Our time at Chicago's Neocon 2012 last week was equal parts exploration of product design and restaurant design. My dogs may be barking, but the many miles trekked in the Merchandise Mart and on the streets of Chicago were well worth my sore muscles today.
Sunday brunch... our chance to observe the dominant, racetrack communal table seating up to 100 people. Our clients either love or hate the idea of communal seating, but as popular as the Publican continues to be, Chicago seems to have embraced it. The high back chairs and the pure volume of noise seem to be key. The ladder back provides seated privacy, a psychological barrier between you and the patron who may be standing... waiting... just behind you. The noise allows you to carry on a conversation with your group and not necessarily hear every detail of your neighbor's.
We enjoyed hanging at the 3-tier, pub-style banquet table stands at the center of the restaurant... purse hooks included :). We were impressed at how much floor space was dedicated to standing tables with no seats, but it provides a comfortable space to wait in this "No Reservations" joint. And, it wouldn't hurt to grab a beer and first course plate. The restrooms are communal as well, 5 single stalls with an adjacent bird bath sink.
GT Fish & Oyster Bar
Only a few blocks north of the Merchandise Mart, we strolled over for lunch on Monday. This was my favorite meal of our trip, which may not be fair since seafood is my true love. The design combines both traditional and non-traditional elements (inspired by the chef's approach to the menu). The design uses details of rustic fisherman nets, anchors, and materials evoking the feel of cottages or boat decks. We appreciated the high contrast palette of warm, light greys with black, the boomerang communal table (yacht-like) transitioning the bar to the dining area, the fish mural above the banquette looks as good in person as in photos, the brass table corner guards, the placement of mirrors, black venetian plaster in the bathrooms, mosaic tile flooring in the bar area . The service was impecable and perfectly timed.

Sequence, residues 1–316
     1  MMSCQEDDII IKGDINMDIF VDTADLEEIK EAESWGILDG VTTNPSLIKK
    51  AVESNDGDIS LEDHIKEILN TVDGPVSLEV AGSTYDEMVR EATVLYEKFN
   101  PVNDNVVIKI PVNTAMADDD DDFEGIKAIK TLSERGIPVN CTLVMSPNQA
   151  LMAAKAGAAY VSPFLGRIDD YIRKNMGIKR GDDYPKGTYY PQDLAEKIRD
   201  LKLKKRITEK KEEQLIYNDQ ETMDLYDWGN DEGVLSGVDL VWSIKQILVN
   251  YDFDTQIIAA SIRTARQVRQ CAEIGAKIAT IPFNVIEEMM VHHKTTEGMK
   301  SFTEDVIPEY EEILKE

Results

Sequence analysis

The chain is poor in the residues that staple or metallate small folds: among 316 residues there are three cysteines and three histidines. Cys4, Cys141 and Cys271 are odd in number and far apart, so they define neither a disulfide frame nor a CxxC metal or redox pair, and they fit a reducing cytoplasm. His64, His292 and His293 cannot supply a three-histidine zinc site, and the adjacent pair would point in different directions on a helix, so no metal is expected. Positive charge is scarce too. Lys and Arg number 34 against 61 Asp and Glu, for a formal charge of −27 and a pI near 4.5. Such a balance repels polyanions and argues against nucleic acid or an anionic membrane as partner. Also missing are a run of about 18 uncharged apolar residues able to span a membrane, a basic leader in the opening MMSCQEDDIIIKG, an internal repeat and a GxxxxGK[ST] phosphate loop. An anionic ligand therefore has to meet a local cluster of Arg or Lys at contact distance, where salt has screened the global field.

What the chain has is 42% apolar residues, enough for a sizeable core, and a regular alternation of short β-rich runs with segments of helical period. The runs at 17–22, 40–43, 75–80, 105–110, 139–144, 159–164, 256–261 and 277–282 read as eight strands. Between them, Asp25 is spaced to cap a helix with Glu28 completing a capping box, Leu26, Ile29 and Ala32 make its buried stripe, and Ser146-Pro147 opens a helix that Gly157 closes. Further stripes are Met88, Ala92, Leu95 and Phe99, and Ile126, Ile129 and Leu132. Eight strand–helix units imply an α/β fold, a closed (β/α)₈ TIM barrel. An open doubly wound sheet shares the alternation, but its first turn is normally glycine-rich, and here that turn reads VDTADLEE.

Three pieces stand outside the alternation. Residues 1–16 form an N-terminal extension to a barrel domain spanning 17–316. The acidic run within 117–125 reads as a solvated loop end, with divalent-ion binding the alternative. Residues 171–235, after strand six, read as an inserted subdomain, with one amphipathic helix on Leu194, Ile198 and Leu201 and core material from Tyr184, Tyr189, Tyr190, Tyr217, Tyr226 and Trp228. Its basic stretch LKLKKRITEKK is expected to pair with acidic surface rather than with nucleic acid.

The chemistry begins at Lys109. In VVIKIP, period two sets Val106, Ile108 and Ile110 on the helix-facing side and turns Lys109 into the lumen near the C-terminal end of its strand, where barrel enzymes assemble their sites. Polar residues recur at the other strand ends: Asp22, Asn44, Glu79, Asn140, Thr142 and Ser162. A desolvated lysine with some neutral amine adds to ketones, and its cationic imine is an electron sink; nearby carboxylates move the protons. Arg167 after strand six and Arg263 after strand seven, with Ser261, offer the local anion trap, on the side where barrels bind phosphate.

We showed up at 5PM, hoping for one of the coveted walk-in tables. We lucked out with a 2-top bordering the bar and facing the super long expo line with chef tables. Perfect. Our server was also perfect, guiding us through our first goat selections. The chairs and pendant lights we've seen before, but the fire-screen back bar is just as cool in person, as is the long expo line anchored by (2) 2-top date tables- ON THE LINE. That is one of the best "special occasion tables" we've seen. There were many thoughtful details such as ledges holding a water carafe & menus at the table.
I still remember my first visit to Blackbird. There was little to see in that part of Chicago, and you worried the cab driver was taking you to a back alley... and he wasn't coming back. Fastforward more than 10 years and it's one of the coolest areas of Chicago with restaurants from top chefs and taxis looping the streets. avec has long been admired by our clients and by our studio for it's simple design. We stopped by post-dinner and were lucky to grab a few seats at the bar. Everything is wood in this simple, rectangular box: wood stools, wood tables, and wood benches. Only the bar counter is stainless steel and the wall of green bottles screening the restrooms. The scale and intimacy reminded me more of a NYC shotgun floor plan... maximizing every nook and cranny. With a space so efficient, it's no surprise they take a straight-forward approach to service and hospitality. Get in. Eat. Get out. Luckily, we struck up a conversation with another guest at the bar to soften some of the hard edges.
Ahhh, the speakeasy. We just finished one, Eleanor's, tucked in the back of Muss & Turner's dining room through a door that looks like it's to a walk-in cooler. Violet hour is disguised by an ever-changing mural painted across the front of the building and entry door. We only knew the address because of Jess, the super cool server at Girl & the Goat that told us to go. Just through the door is the holding area, someone's gotta come out before you can go in. It's a surprisingly large space, over 150 seats at bar & lounge, but the floor to ceiling heavy drapes divide the volume into intimate areas. And, of course, very little lighting other than candles.
Check out the House Rules:
Cell phones aren't aloud, so I had to snag these images online.
|This is the current mural. We walked through door by whale's mouth.|